A former British soldier who tried to smuggle a four-year-old Afghan refugee into the UK has appeared in court charged with aiding illegal immigration.
Robert Lawrie says he acted in a "moment of madness" in October 2015 when he agreed to take Bahar Ahmadi – known as "Bru" – from the "Jungle", a notorious refugee camp near Calais. He could face up to five years in prison depending on the outcome of his trial which is taking place in a French court in Boulogne on 14 January.
Lawrie, 49, was delivering tents and aid to the camp when he met the child's father, who repeatedly begged him to take her across the Channel to relatives living in Leeds.
The former British Army physical training instructor, from Guiseley, Leeds, said he first refused but changed his mind deciding he could not leave the girl in the squalid conditions at the camp. He agreed to hide her in his van but was caught when British border police in Calais discovered the girl. Unknown to Lawrie, two Eritrean men had also sneaked into his truck.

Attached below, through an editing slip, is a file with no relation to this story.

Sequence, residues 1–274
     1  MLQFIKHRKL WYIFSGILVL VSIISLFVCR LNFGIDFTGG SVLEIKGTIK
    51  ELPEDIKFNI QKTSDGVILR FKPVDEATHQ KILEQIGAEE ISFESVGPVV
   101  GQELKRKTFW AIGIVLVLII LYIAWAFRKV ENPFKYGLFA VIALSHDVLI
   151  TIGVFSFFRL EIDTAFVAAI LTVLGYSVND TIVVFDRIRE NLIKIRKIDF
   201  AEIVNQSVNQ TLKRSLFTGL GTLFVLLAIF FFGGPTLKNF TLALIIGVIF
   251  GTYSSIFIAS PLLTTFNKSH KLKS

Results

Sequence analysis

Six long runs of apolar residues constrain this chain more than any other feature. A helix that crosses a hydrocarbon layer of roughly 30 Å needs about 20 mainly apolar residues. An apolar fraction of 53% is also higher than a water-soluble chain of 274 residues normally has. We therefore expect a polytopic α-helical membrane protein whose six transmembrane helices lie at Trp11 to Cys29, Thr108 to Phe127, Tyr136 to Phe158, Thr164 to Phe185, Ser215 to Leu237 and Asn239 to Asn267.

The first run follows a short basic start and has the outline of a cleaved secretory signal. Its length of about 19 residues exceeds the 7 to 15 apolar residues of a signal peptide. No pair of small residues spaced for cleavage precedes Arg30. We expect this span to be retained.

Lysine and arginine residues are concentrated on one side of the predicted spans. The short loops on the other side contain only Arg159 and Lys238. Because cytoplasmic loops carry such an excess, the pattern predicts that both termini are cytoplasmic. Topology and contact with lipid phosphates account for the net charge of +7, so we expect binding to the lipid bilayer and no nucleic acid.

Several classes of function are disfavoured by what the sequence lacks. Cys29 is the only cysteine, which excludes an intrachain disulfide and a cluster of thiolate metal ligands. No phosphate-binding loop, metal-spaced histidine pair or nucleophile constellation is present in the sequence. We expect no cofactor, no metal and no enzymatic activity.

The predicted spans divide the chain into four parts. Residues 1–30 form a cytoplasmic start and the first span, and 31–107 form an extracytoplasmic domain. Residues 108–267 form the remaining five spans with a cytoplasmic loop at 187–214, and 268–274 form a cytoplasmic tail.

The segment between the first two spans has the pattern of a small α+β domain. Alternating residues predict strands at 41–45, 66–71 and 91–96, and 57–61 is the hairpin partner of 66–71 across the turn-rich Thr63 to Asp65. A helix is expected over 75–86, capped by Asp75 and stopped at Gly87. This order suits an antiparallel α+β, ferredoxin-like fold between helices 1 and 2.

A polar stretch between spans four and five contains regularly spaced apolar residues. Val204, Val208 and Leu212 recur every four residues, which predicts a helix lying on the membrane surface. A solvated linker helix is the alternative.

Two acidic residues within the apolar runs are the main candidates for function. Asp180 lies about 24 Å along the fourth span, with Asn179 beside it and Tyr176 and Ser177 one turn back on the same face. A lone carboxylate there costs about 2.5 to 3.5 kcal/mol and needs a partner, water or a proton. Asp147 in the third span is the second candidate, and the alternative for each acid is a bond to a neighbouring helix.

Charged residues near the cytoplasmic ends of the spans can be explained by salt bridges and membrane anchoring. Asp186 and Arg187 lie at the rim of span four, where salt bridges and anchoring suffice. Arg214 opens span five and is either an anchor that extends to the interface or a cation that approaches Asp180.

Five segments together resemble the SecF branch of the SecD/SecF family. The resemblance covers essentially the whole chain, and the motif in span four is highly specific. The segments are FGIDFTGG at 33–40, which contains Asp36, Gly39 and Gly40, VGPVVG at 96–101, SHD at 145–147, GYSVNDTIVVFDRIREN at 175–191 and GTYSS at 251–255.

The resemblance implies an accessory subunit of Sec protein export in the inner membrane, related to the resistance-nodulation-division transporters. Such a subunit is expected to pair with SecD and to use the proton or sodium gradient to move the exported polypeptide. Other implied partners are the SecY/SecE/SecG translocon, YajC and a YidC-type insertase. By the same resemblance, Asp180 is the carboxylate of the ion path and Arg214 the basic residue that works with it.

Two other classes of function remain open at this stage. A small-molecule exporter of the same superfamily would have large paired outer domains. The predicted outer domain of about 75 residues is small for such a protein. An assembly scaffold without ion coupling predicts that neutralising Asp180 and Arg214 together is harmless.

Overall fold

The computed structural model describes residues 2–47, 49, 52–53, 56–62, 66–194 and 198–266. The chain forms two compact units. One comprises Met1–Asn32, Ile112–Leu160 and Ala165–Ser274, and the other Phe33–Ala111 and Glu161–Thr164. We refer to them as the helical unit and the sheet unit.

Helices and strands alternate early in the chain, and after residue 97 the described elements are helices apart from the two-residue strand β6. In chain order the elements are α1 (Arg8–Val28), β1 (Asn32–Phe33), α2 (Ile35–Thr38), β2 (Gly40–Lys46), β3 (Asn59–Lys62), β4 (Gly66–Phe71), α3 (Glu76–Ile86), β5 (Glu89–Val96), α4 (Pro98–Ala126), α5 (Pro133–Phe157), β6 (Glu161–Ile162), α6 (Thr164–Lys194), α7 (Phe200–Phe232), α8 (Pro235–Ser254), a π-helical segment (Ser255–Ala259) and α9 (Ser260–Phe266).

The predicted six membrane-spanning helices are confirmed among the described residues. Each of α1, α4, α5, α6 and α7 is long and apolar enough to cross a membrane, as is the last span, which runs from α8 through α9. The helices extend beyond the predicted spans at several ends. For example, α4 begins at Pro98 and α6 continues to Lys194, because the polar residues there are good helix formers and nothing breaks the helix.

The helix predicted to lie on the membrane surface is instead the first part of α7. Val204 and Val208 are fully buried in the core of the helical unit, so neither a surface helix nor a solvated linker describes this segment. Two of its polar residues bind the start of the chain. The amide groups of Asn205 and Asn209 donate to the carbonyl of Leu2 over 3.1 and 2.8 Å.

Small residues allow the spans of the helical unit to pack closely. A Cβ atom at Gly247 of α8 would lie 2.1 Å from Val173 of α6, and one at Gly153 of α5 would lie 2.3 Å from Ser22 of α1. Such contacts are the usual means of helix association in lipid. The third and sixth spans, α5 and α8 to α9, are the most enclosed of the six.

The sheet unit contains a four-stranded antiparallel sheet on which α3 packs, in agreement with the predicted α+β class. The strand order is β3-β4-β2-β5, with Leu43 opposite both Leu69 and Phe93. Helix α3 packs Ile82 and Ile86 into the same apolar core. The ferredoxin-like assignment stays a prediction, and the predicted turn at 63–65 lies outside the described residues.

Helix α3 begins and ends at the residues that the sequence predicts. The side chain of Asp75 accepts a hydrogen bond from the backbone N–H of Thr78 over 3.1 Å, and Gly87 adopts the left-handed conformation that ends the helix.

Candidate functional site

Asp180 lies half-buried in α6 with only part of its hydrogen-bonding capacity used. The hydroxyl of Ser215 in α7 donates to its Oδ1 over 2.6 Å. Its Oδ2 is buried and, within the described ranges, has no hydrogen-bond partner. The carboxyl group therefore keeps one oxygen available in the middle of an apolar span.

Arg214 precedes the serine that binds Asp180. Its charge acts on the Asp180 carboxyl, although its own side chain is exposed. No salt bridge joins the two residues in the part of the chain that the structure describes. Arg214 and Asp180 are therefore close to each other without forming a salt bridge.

Lawrie said he regretted his actions and would not repeat efforts to save refugees. In court today, he was reported by a journalist for French media organisation FranceTVinfo to have arrived looking "very nervous" and "shaking". He was quoted as saying "sorry" to the court, adding: "What I did was stupid, I was emotionally exhausted."
Lawrie previously said he wanted to volunteer as an aid worker after seeing an image of the Syrian toddler Aylan (Alan) Kurdi, whose body washed up on a beach in Turkey. "It was that moment that took me from being a passive supporter of refugees to an active supporter of refugees," he said. "It's more unfair to have people living like that than for me to spend five years in prison."
A petition requesting UK Foreign Secretary Philip Hammond ask the French authorities for clemency has been signed by more than 120,000 people.
Before his trial, Lawrie pleaded for the French authorities to deal with him leniently.
"They see the media attention I have been getting and I think it could go one of two ways," the BBC reported him as telling assembled media. "France has an opportunity to show, as I know they are, a compassionate country."
If convicted, Lawrie could face up to five years in jail or a €30,000 (£22,707/$32,735) fine.